Santiago Cosio Pando, 35, had worked in just about all of the family businesses (Las Brisas hotels, towel-maker La Josefina, bull fighting ring La Plaza Mexico) before landing the top spot at the family winery Santo Tomas in 2001. Literally working from the ground up, Cosio Pando analyzed everything about the business to understand its essence. He slowly rebuilt the business to improve the product, packaging and distribution. From Santo Tomas, he moved on to head the entire food and beverage holding group and work on reviving its canned fish business Calmex and chocolate-maker La Suiza. Emboldened by his success, the young executive is now acquiring businesses--sardine packager Planta Yavaros from Grupo Herdez--and introducing innovative products, like tequila-filled chocolates.
Andres Freire (36)
Co-founder, Chairman & CEO
Andres "Andy" Freire, 36, and Santiago Bilinkis (see next entry) started office supplies company Officenet in 1997. Going from zero to US$80 million in sales and almost 1,000 employees in a five-year span, the duo revolutionized the office supplies industry in Argentina and spread to the rest of South America with efficient supply chain management and online purchasing. Initially backed by local angel investors, Officenet was first acquired by Brazilian Amazon dot-com clone Submarino for US$31 million in cash and stock in February 2000. The next year, CEO Freire led the company through the twin crises of the dot-com bubble bust abroad and the corralito at home in Argentina. A key strategy was to shift sales online with the help of Submarino's e-commerce platform--the merger later became one of two Harvard business cases written about the company. Freire left Officenet in 2002 to become a business guru as co-founder and CEO of consultancy Axialent, an "expert entrepreneur" on CNN en Espanol, and a member of the faculty of both the MBA and Executive Leadership Program at University of Notre Dame.
Santiago Bilinkis (38)
Co-Founder & CEO
Santiago Bilinkis, 38, and Andres "Andy" Freire started office supplies company Officenet in 1997. As Officenet went from being an Argentine company to a multilatina, with operations in multiple countries in Latin America, Bilinkis became chief financial officer and then CEO in 2002 after Freire left. At the helm, Bilinkis took Officenet to the next level with the sale of the company to U.S. office supplies giant Staples in 2004 for an undisclosed sum. While Bilinkis continues to lead Officenet forward, he has dabbled in other start-ups such as game development studio Wanako Games, beer-maker Otro Mundo and digital ad agency Latin 3. He also serves on the board of the not-for-profit Endeavor, an organization that supports entrepreneurs.
Jose Fernando Romero Havaux (37)
Founder and Director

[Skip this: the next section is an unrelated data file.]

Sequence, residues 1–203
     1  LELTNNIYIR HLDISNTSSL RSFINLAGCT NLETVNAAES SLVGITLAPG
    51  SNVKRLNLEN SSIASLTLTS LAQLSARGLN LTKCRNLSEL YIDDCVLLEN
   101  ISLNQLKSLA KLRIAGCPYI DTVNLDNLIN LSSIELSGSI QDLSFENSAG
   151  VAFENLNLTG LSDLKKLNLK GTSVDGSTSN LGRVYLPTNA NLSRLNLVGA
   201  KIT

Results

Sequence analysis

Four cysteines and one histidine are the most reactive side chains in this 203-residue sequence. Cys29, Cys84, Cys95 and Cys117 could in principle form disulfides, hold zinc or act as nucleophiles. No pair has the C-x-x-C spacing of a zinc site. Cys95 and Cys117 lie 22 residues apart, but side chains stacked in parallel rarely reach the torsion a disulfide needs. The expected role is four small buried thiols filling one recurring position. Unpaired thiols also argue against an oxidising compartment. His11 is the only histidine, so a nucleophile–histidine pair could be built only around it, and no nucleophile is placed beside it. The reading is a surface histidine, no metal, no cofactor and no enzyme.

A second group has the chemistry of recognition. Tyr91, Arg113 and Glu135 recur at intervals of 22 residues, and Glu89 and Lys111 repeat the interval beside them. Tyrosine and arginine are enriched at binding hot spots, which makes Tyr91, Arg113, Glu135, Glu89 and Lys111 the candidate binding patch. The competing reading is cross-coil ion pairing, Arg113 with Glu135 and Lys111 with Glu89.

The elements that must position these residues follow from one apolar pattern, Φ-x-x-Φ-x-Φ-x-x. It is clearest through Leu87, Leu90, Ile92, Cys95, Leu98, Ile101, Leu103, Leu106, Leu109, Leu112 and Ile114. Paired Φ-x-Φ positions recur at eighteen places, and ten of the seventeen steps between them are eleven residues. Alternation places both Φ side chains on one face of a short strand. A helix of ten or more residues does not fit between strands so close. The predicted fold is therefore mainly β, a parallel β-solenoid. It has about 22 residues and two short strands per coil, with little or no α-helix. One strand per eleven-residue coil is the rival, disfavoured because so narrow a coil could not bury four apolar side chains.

Laboratory of Architecture
Jose Fernando Romero Havaux was working in the architectural firm of Dutch architect Rem Koolhaas, when as head project leader he designed the winning proposal for the concert hall Casa da Musica in Porto, Portugal. Romero, who studied architecture at the Universidad Iberoamericana in Mexico City, started his independent architectural practice Laboratorio de la Ciudad de Mexico in 1999. The Mexican architect, who is married to Mexican billionaire Carlos Slim's daughter Maria Soumaya, has received numerous commissions to work on a wide range of multiple-use, cultural, commercial and residential projects. He most recently founded Laboratory of Architecture, which also has offices in Los Angeles.
Pablo Gonzalez Cid (35)
Cafe Punta del Cielo
Mexico is the world's fifth largest coffee producer, but it does not have a strong coffee-drinking culture. That is, not until, Pablo Gonzalez Cid, 35, began Cafe Punta del Cielo in 1999 to compete with the ever-growing influence of imported concepts like Starbucks in Mexico. Gonzalez Cid developed a two-pronged attack: wholesale distribution through hotels and restaurants to build buzz and provide cash flow for product development of new products. As this channel grew, it would later include retailers such as Wal-Mart. The company also goes to market via its own Cafe Punta del Cielo coffee shops. Gonzalez Cid expects slower growth this year, yet the 85-store chain will not stop innovating, having recently launched its products in Europe and its own coffee pots.
Karina Von Baer (36)
Karina Von Baer, 36, has been seeking to improve agricultural production in southern Chile since leaving her job at seed-maker Saprosem at the start of the decade. In 2002, she launched a company to standardize storage of wheat. Next up was Oleotop in 2004, a rapeseed oil producer for the salmon industry. The company seeks to replace the fish oil and meal with the rapeseed oil to provide an alternative crop for local farmers. "It's an US$8 million project, but it provides a lot of work to people in the region," said Von Baer, who has convinced government-investment fund Fundacion Chile, venture capital fund Transoceanica and her former employer Saprosem to back the venture. Von Baer was named 2007 Entrepreneur of the Year in Chile by accounting firm Ernst & Young.